10-2003 Press Releases
31/10/03: Computerised training improves cancer diagnosis
30/10/03: Barry Douglas tunes up for Halloween performance
29/10/03: CD launched to reduce ‘Sharps and Splash’ injury
28/10/03: Solar Storm Alert
28/10/03: Pioneering ecstasy test developed
28/10/03: Queen’s launches new Irish translation course
27/10/03: Research shows threat to wild salmon from farmed fish
23/10/03: Czech honour for Queen’s honorary graduate
23/10/03: Child neglect a serious problem in Northern Ireland, say researchers
21/10/03: For the Love of Monsters! - Gargoyles at Queen’s
20/10/03: Talking in Colour - African flags of the Fante
20/10/03: Belfast school children to debate ‘Genetic Futures’ with local scientists
17/10/03: Thorn mental health care education at Queen’s embraces multi-disciplinary approach
16/10/03: Canadian Chief Justice to lecture at Queen’s
16/10/03: University to host Conroy Cup
16/10/03: Coveted Irish Scientific Research Award goes to Queen’s Professor
15/10/03: IQ testing for fun!
14/10/03: Award-winning local poet to lead Heaney Centre at Queen’s
13/10/03: More than one-quarter of Northern Ireland households in poverty, say researchers
10/10/03: Former Queen’s Senator “books” his return
10/10/03: TruCorp gives trainee medics a head start
10/10/03: New study to explore psychological effects of ‘the Troubles’
09/10/03: Queen’s agrees microchip research project with leading high-tech company Xilinx
09/10/03: Halloween Gershwin Gala
07/10/03: Trip of a life-time for three Queen’s midwives
03/10/03: Flag making fun at African Centre
i-Path Diagnostics, a new QUBIS Ltd supported spin-out venture from a Queen’s University Belfast research group, has just signed a major contract to deliver training to cancer pathologists in Australia and the Far East.
|The team at Queen’s responsible for the new computer-based cancer diagnosis tool. Professor Peter Hamilton (centre), Head of the Centre for Health Care Informatics within the Faculty of Medicine at Queen’s, and Managing Director of the new spin-out venture i-Path Diagnostics, with team researchers and venture partners Dr Perry Maxwell (left) and Dr Jim Diamond (right).|
The Informatics research team has developed a novel computer-based tool for decision-making in cancer pathology.
The system, called InView, has an important role in training young pathologists to make better and more reliable diagnoses.
The Royal College of Pathologists in Australia will use this new approach not only to train all of their junior pathologists, but also to allow doctors to test their diagnostic accuracy. This will allow health authorities to ensure that consistently high standards are maintained.
It represents a major step forward in enhancing the practice of diagnostic laboratory medicine through the use of digital computer-based technology.
Professor Peter Hamilton, Head of the Centre for Health Care Informatics within the Faculty of Medicine at Queen’s, said: “This is a major development for cancer pathology, a development that will provide the best training and decision support to pathologists around the world through the use of computers and the internet. Having made a major impact in Australia, there is now significant interest in using this technology in UK, Europe and USA.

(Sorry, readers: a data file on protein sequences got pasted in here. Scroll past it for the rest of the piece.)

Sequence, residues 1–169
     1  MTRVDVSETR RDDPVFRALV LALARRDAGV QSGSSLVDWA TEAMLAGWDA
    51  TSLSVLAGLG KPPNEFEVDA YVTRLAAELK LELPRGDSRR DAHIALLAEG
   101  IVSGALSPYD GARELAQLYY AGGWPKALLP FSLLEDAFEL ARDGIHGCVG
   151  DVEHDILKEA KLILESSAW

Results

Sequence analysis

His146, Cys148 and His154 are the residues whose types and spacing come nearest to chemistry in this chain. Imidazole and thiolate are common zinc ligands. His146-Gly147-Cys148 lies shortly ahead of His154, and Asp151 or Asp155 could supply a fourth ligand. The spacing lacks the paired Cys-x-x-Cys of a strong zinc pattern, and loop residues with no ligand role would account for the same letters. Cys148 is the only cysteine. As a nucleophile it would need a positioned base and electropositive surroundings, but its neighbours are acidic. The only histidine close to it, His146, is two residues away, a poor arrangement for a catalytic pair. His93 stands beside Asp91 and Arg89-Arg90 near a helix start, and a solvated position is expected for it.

“In addition to InView, our group is working on a number of other new and exciting computerised approaches to cancer diagnosis. Our hope is that these will revolutionise the way medicine is practised in the future.”
The development of InView has attracted funding from Invest NI and University Challenge Fund.
For further information, contact: Professor Peter Hamilton, 028 9063 2604, Mobile 07977 513 875 email@example.com or the Communications Office, 028 9027 3087
Internationally acclaimed Belfast-born pianist Barry Douglas called in with Aine Gibbons, Director of Development at Queen’s University, to fine-tune the details of the special performance he will give in the Whitla Hall at Queen’s University on Friday 31 October.
Barry Douglas & Aine Gibbons
The gala Belfast Festival at Queen’s event is being organised by the Queen’s University of Belfast Foundation that is currently raising funds for a new library. All proceeds from the concert will go towards the New Library Appeal.
On Friday, Barry Douglas will celebrate the music of American composer George Gershwin, appearing with his orchestras Camerata Ireland and Camerata Jazz. Taiwanese-American Cho-Liang Lin, one of today’s foremost violin virtuosos, will also join him on stage.
For tickets, contact the Festival Box Office: 028 9027 2626
The School of Nursing and Midwifery at Queen’s University Belfast, in collaboration with Green Park Health Care Trust, has developed a new educational interactive CD ROM intended to reduce the number of ‘Sharps and Splash’ injuries among health care professionals.
By the nature of their daily work, health care professionals may face the risk of injury from needles and splash incidents and therefore the possibility of the transmission of a blood-borne disease such as Hepatitis A, Hepatitis B or HIV.